During the bloody uprising in Casablanca of March 1965, Simon Lévy was arrested by the police. He was tortured for eight days, while his wife, Incarnation, was stricken with anxiety. She had no idea where her husband was but feared the worst. She waited at home with their two sons until, finally, Simon was unceremoniously dumped at the doorstep of their building at four in the morning, broken and bruised. According to Ali Yata’s son and Simon’s nephew, Fahd Yata, Simon Lévy had been beaten, subjected to electric shocks, and forced to drink laundry detergent. Simon’s sons corroborated this account of their father’s torture. Simon was unable to walk when he finally made it home; he had been thrown out of a moving car and would suffer gastric problems for the rest of his life. After this incident Simon’s mother implored the family to go to France, but Simon was adamant in his loyalty to Morocco. A few months after Lévy’s release, the Hungarian Communist Party, in a gesture of kindness toward their comrades abroad, paid for the family to spend a month on the coast of bucolic lake Balaton in the small town of Siófek. Incarnation remembered hating the food.
The 1960s and 70s proved a crucible for state formation in independent Morocco. The state was dominated by the monarchy, led by Hassan II after his father’s death during a relatively minor medical procedure in 1961. The state experimented, sometimes with violent and greatly repressive outcomes, with the balance of parliament, constitutional monarchy, state of emergency, and back again. Political parties splintered, recombined, and challenged each other and central authority in a manner that was deeply disturbing to the palace. The main efforts of the palace were, as the quote above from Hassan II indicates, to guide the “lion” of the state without it feeling the hand of the makhzan and so quell, control, and ultimately co-opt any political opposition. In the absence of political collaborators, the state tortured, exiled, imprisoned and “disappeared” unruly political forces. Some parties, such as Istiqlal and the PCM, split down the middle along such lines. The Istiqlal’s left-leaning sect, under the leadership of Mehdi Ben Barka (kidnapped in broad daylight in Paris 1965 and subsequently assassinated, it is speculated by King Hassan II’s aide General Oufkir who would himself lead a coup-d’état in 1972), would form the UNFP (Union Nationale des Forces Populaires). The PCM, after being legally disbanded by court order in 1960, continued to operate clandestinely. It would resurface as the PLS (Parti de Libération et du Socialisme) in 1968 and then finally its current iteration, the PPS (Parti du Progrès et du Socialisme) in 1974.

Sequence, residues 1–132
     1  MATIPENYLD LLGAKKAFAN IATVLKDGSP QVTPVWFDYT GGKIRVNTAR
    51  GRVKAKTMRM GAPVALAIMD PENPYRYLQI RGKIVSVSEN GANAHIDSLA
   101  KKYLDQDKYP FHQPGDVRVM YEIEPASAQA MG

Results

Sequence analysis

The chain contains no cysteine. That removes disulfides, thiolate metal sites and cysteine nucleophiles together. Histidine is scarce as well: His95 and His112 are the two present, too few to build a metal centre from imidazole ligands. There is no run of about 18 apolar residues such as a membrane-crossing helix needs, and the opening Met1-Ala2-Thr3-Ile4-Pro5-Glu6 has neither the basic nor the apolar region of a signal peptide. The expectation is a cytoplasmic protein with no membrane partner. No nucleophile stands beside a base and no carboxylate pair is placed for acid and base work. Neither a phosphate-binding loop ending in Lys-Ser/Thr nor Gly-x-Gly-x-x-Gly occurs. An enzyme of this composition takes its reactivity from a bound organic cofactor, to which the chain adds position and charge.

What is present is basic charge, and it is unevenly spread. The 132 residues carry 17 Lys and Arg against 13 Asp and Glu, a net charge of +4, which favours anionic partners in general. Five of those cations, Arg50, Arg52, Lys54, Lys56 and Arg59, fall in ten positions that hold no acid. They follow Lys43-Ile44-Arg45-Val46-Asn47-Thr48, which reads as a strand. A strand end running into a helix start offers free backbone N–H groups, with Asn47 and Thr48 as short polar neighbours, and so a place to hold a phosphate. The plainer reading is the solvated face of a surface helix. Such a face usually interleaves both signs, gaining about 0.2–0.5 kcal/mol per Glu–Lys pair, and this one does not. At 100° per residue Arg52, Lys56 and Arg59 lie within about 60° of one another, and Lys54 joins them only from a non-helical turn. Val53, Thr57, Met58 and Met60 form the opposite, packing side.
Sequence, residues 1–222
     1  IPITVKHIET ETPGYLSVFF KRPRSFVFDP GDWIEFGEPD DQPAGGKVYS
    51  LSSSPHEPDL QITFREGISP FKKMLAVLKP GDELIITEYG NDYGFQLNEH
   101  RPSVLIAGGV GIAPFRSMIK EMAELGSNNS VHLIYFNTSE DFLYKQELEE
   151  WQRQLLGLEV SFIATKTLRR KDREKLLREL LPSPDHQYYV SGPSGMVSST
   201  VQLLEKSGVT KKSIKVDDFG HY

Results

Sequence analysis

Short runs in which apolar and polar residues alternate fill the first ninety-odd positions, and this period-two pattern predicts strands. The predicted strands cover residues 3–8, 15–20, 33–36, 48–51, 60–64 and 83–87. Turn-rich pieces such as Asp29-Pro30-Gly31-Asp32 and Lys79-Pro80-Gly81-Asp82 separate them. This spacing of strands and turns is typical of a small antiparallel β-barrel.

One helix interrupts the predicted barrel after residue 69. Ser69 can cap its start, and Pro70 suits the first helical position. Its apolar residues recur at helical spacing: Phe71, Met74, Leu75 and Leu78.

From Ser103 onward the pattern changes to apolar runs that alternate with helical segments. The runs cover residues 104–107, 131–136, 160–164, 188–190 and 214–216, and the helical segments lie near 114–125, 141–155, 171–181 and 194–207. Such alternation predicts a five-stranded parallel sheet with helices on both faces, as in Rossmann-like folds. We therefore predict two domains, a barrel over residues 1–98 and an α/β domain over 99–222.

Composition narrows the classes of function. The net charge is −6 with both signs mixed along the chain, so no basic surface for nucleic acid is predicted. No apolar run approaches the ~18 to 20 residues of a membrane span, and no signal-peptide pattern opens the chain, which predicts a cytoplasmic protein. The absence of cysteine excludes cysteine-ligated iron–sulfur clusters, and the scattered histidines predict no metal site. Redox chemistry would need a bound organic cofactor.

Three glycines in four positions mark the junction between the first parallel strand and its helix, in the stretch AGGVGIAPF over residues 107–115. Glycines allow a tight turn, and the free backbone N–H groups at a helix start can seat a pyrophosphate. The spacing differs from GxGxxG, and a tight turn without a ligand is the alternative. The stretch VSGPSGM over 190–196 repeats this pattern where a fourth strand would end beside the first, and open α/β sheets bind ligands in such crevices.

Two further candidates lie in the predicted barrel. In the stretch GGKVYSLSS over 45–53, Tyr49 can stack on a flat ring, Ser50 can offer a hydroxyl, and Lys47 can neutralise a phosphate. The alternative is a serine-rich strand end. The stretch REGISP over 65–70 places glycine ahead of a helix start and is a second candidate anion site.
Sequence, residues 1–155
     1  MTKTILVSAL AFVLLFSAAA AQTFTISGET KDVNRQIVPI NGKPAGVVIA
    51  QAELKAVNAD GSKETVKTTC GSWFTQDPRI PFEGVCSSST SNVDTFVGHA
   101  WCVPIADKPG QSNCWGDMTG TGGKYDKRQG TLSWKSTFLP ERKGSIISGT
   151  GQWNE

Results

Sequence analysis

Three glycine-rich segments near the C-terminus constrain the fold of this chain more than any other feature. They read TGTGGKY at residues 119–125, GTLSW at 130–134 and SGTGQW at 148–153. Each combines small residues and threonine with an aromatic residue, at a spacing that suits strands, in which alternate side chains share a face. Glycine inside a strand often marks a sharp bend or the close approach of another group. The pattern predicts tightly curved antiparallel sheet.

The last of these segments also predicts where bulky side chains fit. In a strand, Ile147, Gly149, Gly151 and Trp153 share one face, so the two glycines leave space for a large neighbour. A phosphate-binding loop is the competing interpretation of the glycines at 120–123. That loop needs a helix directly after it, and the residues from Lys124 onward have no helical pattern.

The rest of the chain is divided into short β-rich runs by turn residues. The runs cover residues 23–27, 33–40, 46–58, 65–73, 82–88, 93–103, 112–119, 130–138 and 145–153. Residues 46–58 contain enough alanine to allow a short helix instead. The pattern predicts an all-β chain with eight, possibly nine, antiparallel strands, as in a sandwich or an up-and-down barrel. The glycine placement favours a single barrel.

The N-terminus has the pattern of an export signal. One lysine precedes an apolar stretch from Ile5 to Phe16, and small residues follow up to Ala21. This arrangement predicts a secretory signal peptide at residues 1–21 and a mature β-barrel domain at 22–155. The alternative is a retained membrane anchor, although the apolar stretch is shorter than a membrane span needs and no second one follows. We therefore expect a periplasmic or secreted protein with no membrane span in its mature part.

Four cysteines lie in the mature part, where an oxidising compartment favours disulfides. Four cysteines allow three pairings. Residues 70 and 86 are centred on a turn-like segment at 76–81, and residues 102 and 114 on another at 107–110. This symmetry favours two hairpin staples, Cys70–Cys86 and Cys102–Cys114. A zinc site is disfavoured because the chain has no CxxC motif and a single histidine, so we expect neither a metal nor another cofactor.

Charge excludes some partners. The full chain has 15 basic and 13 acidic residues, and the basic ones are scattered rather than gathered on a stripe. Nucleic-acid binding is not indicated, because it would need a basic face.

The left itself began to splinter in the late 1960s. In 1970, Abraham Serfaty and others, disgusted with what they viewed as a betrayal of Communist ideals on the part of the PCM/PLS, broke with the party to establish a farther left, Marxist-Leninist group Ila al-Amam (“Forward” in Arabic), taking most of the students with them. This move caused lasting ire between Serfaty and Lévy, who remained staunchly loyal to the PLS. While both factions would face persecution under King Hassan II at the beginning of the infamous “Years of Lead” – an approximately two-decade period of political repression – eventually the PLS chose a path of accommodation while Ila al-Amam advanced maximalist ideological goals. These political fractures and fusions indicate a critical choice that lay before party leaders and their members, almost regardless of political platform and orientation: to work with the regime and maintain legal status, or to go underground. The efflorescence of prison literature and work on human rights in Morocco attest to the dire consequences of the latter decision.